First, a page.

Jim Prosser loves his work. He'd tell you so himself, but right now he's catching up on some sleep--like two or three months' worth. The passing of the Thanksgiving weekend marks the beginning of a time when, for a little while at least, local winemakers can finally breathe a sigh of relief. The harvest is in, the wine is in the barrel, and, hopefully, they've just banked some much-needed cash on the heels of an open-house weekend. But for an emerging new guard of Oregon winemakers, including J.K. Carriere's Prosser, Brooks Winery's Jimi Brooks and J. Christopher's Jay Somers, there's little time to rest and always more to do.
Passionate, opinionated and committed to making wine that shows off the stellar fruits of Oregon, any one of these young winemakers could be held up as an example of the next wave of Willamette Valley vintners. All three have released their first bottling in recent years--J. Christopher in 1996, Brooks in 1998 and J.K. Carriere in 1999--and they all have a special place in their hearts for the Willamette Valley's fickle queen, pinot noir, which is all J.K. Carriere produces. Both Brooks and J. Christopher also produce a couple of white varietals, including a fine riesling (Brooks) and a sauvignon blanc/pinot gris blend (J. Christopher).
The challenge of carrying on the tradition of people like Dick Erath and David Lett is no small affair, but these vintners show signs of being around for the long haul. Says Harry Peterson-Nedry, Chehalem Wines' head winemaker, "The Oregon wine industry is entering one of its most exciting waves yet, one in which a number of technically astute apprentices are striking out on their own. These three winemakers are leading that wave."
Far from brash, they have done their time at larger Willamette Valley vineyards, listening to their teachers along the way, and the quality of their first efforts shows what a lot of hard work can yield.
And it doesn't come easily. Without the massive amounts of capital boasted by such vineyard standouts as Archery Summit and Domaine Drouhin Oregon (DDO) or the cachet of Oregon wine-industry founders such as Erath, the amount of sweat equity involved is much higher. Putting in long hours to learn the nuances of the trade is par for the course, but paying attention takes on new meaning when you're planning to make your own wine in the near future. Prosser did his time with such notable producers as Erath Vineyards, DDO and Brick House, and his first vintage, the 1999 J.K. Carriere, is just about sold out. He makes no bones about the progression, saying wryly, "Working at Erath was essentially long hours of wet, cold, crappy work for shitty pay. And every day I left with a huge grin."
The grin is the most important thing, since even now, as all three make wine for themselves, there is more than enough cold, wet, crappy work to go around. The common theme the three share is a love of what good wine can inspire in people, including themselves. But their collective résumé looks like an exercise in career experimentation. Brooks has a degree in literature and fell in love with wine in Beaujolais while traveling. Somers, who released his first J. Christopher wines five years ago, got into wine through brewing beer at McMenamins after college, followed by some time in the vineyards of New Zealand and a long stint with Cameron Winery's mad professor of enology, John Paul. Meanwhile, Prosser was working at Xerox until he succumbed to his desire to be "an architect, a chef or a winemaker" and headed to Yamhill County to get things started.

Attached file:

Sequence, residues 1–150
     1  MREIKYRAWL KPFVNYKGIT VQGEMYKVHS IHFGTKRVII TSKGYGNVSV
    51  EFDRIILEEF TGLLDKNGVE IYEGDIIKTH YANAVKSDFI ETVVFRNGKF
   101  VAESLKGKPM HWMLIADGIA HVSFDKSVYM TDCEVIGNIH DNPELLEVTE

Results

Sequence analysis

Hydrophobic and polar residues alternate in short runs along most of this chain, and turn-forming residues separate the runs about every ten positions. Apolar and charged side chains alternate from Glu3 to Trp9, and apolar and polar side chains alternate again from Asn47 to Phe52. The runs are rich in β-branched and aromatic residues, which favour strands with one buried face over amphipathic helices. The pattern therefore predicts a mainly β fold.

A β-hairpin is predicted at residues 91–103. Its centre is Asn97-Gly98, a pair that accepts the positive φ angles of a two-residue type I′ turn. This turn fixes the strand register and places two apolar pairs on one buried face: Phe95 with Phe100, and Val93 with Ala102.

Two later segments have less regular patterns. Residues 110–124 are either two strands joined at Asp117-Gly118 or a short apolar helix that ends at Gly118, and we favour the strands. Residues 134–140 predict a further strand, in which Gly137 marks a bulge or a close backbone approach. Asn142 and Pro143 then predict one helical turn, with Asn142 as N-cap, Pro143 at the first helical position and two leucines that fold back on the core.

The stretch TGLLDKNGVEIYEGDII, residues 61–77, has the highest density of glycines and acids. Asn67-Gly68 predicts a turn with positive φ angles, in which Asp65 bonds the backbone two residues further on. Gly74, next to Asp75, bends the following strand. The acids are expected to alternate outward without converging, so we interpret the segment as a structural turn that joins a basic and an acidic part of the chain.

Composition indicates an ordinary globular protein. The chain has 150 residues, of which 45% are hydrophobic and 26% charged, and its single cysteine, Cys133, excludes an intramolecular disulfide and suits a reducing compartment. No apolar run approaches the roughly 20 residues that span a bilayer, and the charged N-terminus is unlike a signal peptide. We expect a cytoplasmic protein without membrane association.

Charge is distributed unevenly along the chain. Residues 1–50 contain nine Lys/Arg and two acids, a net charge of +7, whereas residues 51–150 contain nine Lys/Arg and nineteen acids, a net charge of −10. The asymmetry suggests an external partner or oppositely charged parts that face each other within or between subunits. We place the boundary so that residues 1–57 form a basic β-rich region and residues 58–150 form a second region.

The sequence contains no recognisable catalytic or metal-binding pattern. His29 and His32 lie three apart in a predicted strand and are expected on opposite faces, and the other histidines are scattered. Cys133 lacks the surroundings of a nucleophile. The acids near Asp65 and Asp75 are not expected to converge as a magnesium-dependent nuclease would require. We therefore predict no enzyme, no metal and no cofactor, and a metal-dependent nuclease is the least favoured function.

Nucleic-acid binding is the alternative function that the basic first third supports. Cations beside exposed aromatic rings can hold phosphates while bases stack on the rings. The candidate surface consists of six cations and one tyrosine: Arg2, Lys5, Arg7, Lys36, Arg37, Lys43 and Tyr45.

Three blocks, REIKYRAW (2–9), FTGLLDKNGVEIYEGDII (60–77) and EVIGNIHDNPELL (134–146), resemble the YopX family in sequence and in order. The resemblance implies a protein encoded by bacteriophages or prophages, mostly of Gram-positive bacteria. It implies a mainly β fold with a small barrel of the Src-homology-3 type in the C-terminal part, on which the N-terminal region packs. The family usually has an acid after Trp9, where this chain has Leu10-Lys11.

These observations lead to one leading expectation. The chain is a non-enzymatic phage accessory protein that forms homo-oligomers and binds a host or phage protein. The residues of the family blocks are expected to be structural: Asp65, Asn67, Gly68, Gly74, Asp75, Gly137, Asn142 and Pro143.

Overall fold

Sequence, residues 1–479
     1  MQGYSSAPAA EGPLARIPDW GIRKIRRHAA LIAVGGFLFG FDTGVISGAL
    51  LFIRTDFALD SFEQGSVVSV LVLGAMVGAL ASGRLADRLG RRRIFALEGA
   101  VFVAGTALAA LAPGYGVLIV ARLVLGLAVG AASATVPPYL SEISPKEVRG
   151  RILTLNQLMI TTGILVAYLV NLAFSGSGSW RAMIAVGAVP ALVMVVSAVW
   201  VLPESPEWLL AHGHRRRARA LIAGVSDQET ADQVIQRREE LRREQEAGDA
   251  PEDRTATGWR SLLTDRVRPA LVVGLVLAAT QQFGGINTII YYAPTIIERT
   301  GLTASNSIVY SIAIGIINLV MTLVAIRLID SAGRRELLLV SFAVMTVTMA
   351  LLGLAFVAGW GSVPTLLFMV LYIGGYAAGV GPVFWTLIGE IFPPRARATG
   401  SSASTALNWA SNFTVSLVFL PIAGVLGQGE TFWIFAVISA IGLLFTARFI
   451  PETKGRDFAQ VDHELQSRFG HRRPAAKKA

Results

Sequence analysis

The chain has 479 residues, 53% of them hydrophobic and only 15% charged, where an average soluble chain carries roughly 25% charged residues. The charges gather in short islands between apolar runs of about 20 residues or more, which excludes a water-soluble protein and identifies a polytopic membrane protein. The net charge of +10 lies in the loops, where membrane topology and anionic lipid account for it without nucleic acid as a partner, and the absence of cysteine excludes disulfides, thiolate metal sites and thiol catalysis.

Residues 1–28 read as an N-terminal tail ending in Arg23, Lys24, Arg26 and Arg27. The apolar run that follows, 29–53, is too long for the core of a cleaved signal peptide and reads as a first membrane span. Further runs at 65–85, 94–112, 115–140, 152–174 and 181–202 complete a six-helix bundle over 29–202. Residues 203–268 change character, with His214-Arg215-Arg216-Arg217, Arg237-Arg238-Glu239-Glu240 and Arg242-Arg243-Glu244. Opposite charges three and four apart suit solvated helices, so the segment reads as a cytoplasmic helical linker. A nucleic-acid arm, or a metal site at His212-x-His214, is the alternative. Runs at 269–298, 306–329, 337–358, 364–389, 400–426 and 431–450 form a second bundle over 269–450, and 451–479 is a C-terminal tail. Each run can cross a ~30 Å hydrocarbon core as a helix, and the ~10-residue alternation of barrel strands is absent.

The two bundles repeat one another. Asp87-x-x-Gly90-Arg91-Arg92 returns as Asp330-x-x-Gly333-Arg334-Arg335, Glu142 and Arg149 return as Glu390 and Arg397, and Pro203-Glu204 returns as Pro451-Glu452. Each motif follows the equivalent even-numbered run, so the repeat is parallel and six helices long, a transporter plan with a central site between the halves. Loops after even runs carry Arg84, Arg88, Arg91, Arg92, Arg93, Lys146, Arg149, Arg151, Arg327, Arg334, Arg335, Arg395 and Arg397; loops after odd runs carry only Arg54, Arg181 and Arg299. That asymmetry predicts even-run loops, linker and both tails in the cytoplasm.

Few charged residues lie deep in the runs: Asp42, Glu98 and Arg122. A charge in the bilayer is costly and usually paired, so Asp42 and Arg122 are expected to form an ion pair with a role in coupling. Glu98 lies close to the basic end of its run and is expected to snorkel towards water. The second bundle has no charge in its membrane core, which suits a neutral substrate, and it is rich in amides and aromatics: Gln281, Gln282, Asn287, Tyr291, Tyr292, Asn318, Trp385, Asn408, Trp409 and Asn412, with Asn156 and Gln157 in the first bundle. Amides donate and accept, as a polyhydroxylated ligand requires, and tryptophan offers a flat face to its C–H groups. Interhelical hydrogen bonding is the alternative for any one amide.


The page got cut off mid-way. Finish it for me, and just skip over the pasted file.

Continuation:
Central to all of their approaches to the craft is the belief that good wine starts in the vineyard, even if none of them has his own at this point. Relying instead on close relationships with area grape producers, they all have a lot to say about what happens to "their" fruit. "I spend a lot of time with my growers, working closely with them," says Brooks, adding with a laugh, "pestering them, really." This hands-on approach to the whole process is but another example of their desire to create a product that reflects a connection to the land and the spirit of the area.
Winemaking, like any labor of love and sweat, is serious business and requires equal parts farming knowledge, comfort with chemistry and an obsessive attention to detail. In spite of this, none of these three takes himself all that seriously. When asked after the harvest about the philosophy behind his wine, Somers laughed and said, "At this point, it's pretty hard to think about it as philosophical. I just want to sit down and have a beer." All three of them are generous with their commentary on the subtleties of wine and the people who make it, and they are quick to agree on the blessings of making wine in the Willamette Valley. It's no small privilege to benefit from the reputation that the first generation of Oregon winemakers created, something that is not lost on these upstarts. "We get to build on the work of the pioneering Oregon winemakers, and because of them, when we put 'Willamette Valley' on our bottles, we don't have to explain where that is," Prosser offers. "There's a covenant in that, as well as a responsibility to the future."
You can find these wines in better wine shops around the Portland area, including, but not limited to, E&R Wine Merchants, Liner & Elsen, Great Wine Buys, New Seasons Markets, Nature's, Lamb's Thriftway, Portland Wine Merchants and Mount Tabor Fine Wines.
J. Christopher and Brooks wines range in price from $15 to $48. J.K. Carriere pinot noir is $36.
Lisa Shara Hall's recently published
is chock-full of information about the history of Oregon's wine industry.